Here is a useful tip for your readers. When driving east on Interstate 80, always carry a nickel, dime, and quarter for the toll on the Carquinez Bridge. Get into the extreme left lane and head for the automatic toll-taker. Throw the nickel in the hopper first. This is usually all it takes to get a green light. If it doesn't work, try the dime next. At worst, you'll lose 40 cents, but nine times out of ten the nickel will turn the trick. Also, don't bring this to the attention of the Toll Bridge Authority.
I am interested in readers' dreams. If you could trade places with anyone alive, who would it be? Please send your answer (in a page or less) to:
[outdated address deleted'/>
I am a rather late subscriber to THE ECPHORIZER but need to comment on the article by Gareth Penn in the 9th issue, May 1982 . ...I knew Grant Mahony and went to US Air Corps Flying School in Glendale with him in 1939...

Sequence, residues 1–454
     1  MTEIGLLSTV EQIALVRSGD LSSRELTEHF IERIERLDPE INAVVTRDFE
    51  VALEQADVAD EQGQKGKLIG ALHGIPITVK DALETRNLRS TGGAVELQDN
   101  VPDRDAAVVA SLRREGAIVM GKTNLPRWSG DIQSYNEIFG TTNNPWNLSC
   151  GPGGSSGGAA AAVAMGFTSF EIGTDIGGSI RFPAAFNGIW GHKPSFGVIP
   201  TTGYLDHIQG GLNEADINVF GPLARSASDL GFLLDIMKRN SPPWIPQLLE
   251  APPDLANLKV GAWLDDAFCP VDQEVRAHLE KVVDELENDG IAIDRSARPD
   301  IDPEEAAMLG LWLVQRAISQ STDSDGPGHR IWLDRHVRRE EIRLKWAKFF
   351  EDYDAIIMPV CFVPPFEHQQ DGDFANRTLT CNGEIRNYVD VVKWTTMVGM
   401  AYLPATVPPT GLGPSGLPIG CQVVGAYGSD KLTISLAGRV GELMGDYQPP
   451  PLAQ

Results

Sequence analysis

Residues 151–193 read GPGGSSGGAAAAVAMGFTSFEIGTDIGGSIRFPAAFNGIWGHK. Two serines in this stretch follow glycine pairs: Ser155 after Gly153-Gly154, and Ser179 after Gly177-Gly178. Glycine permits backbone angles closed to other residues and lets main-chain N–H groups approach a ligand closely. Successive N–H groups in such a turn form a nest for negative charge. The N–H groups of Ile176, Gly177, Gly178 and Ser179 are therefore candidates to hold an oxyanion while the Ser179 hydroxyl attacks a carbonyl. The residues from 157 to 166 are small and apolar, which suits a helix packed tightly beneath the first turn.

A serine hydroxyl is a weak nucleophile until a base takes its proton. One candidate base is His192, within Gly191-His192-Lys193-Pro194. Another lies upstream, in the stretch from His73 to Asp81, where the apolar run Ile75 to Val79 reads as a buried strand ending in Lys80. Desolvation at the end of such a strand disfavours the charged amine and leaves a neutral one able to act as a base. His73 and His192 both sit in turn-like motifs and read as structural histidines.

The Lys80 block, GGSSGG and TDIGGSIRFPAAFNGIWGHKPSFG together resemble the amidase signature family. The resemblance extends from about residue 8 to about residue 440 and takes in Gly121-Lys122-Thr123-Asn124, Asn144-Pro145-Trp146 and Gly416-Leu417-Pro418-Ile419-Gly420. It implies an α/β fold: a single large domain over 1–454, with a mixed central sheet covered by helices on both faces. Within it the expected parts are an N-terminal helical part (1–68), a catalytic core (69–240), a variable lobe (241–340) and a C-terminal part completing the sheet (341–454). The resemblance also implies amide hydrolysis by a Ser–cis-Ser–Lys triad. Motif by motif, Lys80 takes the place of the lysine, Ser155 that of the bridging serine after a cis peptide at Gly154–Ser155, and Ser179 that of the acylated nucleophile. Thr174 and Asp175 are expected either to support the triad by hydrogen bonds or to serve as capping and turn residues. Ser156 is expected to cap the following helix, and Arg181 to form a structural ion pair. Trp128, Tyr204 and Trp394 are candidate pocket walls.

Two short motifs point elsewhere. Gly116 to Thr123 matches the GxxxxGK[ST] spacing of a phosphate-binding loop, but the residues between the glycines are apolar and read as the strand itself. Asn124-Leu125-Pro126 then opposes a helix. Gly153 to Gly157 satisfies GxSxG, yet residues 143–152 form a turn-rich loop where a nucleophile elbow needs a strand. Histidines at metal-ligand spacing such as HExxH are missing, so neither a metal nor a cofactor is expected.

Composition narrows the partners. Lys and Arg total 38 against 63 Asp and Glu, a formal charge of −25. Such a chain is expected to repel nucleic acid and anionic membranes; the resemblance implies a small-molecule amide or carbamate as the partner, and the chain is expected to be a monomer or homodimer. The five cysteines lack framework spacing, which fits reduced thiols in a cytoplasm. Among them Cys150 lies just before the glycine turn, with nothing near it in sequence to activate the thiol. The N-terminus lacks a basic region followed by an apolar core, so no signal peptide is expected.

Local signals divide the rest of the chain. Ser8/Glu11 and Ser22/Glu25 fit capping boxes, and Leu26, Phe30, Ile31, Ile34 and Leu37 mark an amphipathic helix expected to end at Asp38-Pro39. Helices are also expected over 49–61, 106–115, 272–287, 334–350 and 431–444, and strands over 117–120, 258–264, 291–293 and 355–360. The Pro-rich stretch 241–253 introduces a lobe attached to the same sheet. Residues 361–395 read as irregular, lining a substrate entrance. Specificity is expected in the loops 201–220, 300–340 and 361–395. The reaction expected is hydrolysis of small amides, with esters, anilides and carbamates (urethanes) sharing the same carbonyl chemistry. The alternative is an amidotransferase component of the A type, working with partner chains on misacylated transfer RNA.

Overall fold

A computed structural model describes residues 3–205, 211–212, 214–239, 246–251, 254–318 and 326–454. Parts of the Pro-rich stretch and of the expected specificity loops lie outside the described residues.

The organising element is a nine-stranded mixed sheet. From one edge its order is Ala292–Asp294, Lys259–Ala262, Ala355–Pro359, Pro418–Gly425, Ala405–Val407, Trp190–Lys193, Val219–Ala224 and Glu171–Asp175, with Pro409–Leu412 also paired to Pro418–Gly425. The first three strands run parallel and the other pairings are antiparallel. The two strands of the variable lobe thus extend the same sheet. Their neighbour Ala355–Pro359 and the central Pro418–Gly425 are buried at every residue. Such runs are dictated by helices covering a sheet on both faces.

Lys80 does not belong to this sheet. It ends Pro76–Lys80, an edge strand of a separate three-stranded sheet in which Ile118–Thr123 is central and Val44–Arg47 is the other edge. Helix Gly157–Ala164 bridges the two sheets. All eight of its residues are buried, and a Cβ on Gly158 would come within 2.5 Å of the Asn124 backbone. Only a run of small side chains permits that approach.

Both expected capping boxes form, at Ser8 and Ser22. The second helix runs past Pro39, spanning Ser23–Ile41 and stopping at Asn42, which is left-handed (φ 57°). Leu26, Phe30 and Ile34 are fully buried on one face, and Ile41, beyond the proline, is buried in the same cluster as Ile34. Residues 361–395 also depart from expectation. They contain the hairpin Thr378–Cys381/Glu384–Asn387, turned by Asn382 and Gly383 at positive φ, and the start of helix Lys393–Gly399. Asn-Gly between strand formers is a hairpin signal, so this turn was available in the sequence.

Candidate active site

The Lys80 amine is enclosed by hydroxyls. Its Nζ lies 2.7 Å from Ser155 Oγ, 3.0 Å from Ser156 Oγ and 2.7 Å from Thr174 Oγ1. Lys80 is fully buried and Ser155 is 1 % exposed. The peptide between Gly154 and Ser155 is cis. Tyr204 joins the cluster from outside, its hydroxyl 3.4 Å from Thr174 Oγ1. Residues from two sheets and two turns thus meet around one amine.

Grant Mahony graduated with honors and had the unusual circumstance of, upon being accepted for flight training, having to get his parents' signatures because at the time of acceptance of the training he was not yet 21 years of age. Actually I had gotten beyond that stage a few months before he had, but that still left us as the two youngest flying cadets in Glendale at the time...
Subsequently I ran into him in Sydney, Australia, and then once after that in Taclovan on the island of Leyte in the Philippines. He had aged considerably and was no longer the bright, blue-eyed, dark-wavy-haired, friendly-looking Irishman I had known just a few years before. War does terrible things to people. Even prior to killing them. Aside from the hero aspects of my acquaintance with Grant, he was one of those who are just really great to know and have as a friend. I thank Mr. Penn for filling me in on the rest of his life and his death as a "24-karat hero."
|E-mail Print Blog|